Simmering tensions among congressional Democrats are rising to the surface as the party looks to secure a few more legislative victories in the final two-month sprint to the midterm elections.
Both chambers have jam-packed agendas as they enter the final policy-making month before the November midterm elections.
The House, which reconvenes on Tuesday, will not be in session in October so that lawmakers can head home to campaign — leaving little time for legislating.
The Senate, which reassembled last week, is scheduled to be in session for part of next month, though it is unlikely they will use the extra days in Washington.
At the top of the agenda is legislation to prevent a government shutdown on Oct. 1.
Funding the government itself isn’t splitting liberal and centrist Democrats, but there are likely to be divisions over how to get a bill through Congress.
Senate Majority Leader Charles Schumer (D-N.Y.) wants to include language in a stopgap government funding measure on permitting reform to make good on a deal he and other party leaders made with Sen. Joe Manchin (D-W.Va.) to secure his support for passage of last month’s Inflation Reduction Act.
But liberals in the House and in the Senate — including Sen. Bernie Sanders (I-Vt.) — oppose the reforms.
“I rise this morning to express my strong opposition to the so-called side deal that the fossil fuel industry is pushing to make it easier for them to pollute the environment and destroy our planet,” Sanders said on the Senate floor last week.
The permitting reform legislation is expected to expedite the development of fossil fuel and other energy products by setting maximum timelines for environmental reviews, among other things.
Schumer promised Manchin that permitting reform would pass in exchange for his support of the multi-billion dollar climate, taxes and health care bill. Manchin’s backing was essential in helping Democrats secure enough support in the 50-50 Senate to trigger Vice President Kamala Harris’ tie-breaking vote.
Sanders called the permitting reform legislation “a huge giveaway to the fossil fuel industry,” and argued that the measure would sabotage Biden’s goal of halving carbon emissions by the year 2030.
“Really, at a time when climate change is threatening the very existence of our planet, why would anybody be talking about substantially increasing carbon emissions and expanding fossil fuel production in the United States?” the Vermont Independent asked.
The resistance does not end in the Senate.
More than House 70 Democrats penned a letter to Speaker Nancy Pelosi (D-Calif.) and House Majority Leader Steny Hoyer (D-Md.) on Friday asking that the permitting reform legislation be omitted from the continuing resolution — a push against the side deal struck between Manchin and Schumer.
“The inclusion of these provisions in a continuing resolution, or any other must-pass legislation, would silence the voices of frontline and environmental justice communities by insulating them from scrutiny,” the lawmakers, led by Rep. Raúl Grijalva (D-Ariz.), wrote.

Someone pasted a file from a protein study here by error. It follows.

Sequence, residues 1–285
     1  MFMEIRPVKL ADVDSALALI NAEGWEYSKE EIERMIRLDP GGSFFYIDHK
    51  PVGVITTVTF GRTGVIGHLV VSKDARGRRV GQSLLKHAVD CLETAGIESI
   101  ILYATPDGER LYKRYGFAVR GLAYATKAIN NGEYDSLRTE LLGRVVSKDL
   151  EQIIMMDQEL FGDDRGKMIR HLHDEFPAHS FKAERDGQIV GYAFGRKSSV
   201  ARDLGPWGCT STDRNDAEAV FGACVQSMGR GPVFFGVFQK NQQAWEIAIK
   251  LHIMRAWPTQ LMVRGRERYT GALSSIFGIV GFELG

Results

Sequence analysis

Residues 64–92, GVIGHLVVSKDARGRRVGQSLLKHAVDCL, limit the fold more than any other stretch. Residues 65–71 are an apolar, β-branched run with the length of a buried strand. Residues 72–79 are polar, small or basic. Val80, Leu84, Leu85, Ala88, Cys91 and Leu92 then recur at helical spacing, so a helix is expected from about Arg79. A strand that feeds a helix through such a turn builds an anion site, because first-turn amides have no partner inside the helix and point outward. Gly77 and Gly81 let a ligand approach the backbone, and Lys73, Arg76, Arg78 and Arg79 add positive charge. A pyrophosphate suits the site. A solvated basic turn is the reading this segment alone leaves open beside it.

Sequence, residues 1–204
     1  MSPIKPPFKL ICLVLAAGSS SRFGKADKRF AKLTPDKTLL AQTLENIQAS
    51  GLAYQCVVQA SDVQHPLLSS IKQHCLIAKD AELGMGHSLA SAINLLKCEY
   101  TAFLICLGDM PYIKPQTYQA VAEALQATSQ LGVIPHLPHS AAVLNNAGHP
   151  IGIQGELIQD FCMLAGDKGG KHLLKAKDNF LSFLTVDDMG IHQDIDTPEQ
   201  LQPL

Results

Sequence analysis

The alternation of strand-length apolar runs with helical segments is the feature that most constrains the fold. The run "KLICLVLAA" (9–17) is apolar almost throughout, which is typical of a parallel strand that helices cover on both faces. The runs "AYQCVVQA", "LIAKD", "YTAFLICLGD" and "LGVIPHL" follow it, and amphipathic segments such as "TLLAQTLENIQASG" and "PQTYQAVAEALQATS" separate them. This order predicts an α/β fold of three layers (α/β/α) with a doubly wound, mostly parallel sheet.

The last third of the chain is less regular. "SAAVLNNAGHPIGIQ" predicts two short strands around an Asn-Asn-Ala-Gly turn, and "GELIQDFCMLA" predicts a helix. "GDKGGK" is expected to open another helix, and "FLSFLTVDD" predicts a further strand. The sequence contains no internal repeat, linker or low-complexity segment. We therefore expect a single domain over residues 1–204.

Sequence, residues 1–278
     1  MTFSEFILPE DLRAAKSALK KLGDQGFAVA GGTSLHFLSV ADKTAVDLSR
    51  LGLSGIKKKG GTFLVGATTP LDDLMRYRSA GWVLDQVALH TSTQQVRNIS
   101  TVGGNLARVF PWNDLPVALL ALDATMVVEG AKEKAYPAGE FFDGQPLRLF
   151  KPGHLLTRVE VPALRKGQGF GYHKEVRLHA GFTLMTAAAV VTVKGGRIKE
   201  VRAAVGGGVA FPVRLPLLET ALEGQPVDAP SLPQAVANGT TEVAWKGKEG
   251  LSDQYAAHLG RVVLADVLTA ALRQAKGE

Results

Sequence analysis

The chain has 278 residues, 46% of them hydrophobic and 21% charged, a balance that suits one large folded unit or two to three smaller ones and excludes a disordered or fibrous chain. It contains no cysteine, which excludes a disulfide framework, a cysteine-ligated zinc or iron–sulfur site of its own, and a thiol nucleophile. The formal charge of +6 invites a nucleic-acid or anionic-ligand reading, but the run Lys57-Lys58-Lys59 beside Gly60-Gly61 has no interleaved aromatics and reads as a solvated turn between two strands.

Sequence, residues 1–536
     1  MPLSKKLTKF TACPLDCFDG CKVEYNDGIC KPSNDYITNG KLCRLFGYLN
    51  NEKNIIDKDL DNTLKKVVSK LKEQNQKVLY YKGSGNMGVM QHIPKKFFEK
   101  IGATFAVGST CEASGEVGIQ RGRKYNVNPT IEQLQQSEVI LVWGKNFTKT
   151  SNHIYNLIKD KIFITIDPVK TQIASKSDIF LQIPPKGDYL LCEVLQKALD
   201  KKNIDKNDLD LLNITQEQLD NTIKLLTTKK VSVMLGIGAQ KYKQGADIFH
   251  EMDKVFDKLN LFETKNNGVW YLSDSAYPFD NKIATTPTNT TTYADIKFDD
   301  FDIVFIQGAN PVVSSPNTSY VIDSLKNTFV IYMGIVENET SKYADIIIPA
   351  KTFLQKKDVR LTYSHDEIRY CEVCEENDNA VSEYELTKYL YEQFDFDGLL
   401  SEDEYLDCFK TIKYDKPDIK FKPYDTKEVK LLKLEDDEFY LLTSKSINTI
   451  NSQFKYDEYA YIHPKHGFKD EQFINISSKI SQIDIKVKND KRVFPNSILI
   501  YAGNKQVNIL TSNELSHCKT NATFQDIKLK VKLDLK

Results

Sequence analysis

If Schumer goes through with his plan and tacks permitting reform onto the continuing resolution, and if that stopgap passes through the Senate, progressives in the House would be faced with a tough decision: vote “no” and potentially trigger a government shutdown, or ignore misgivings about the legislation and vote “yes.”
Schumer could, however, play one more hand that would effectively force his colleagues on the left to support the measure despite their doubts: add a bill protecting marriage equality on the federal level to the continuing resolution.
But the majority leader and Sen. Tammy Baldwin (D-Wis.), a sponsor of the marriage equality bill, have both said they prefer to hold a separate vote on the legislation.
Tensions between liberals and centrists will also likely bubble up over other agenda items.
Centrist House Democrats are expected to push hard for a vote on policing legislation that has been delayed twice because of disagreements with House liberals.
Pelosi punted a vote on the public safety bills last month, writing in a letter to colleagues that “conversations continue on finding consensus for a robust public safety package.”
Liberals had opposed increases for police funding across the country given the outcry over violence by police against minority communities.
But centrists running in tough races against the backdrop of Republicans decrying rising crime rates want to pass legislation that would provide more money for police.
The policing legislation was supposed to move in July with a bill to ban assault weapons, but Democratic leaders decided to separate the two measures to leave more time for consensus building.
But it’s far from clear that progress is being made.
As the negotiations over policing bills continue, moderates — especially Democrats facing difficult reelection races in November, known as “Frontliners” — are pushing for a vote to cinch a victory they can tout during the final weeks of campaigning.
“President Biden said best in his State of the Union address: the answer is not to defund the police. The answer is to fund the police with the resources and training they need to protect our communities,” one Frontliner told The Hill, speaking anonymously to talk about a sensitive topic.
“This legislation has passed every test, except among the loud few, and does right by our communities to ensure safety and accountability. With our majority on the line, Democrats need to put their money where their mouths are and pass this bill before November,” they added.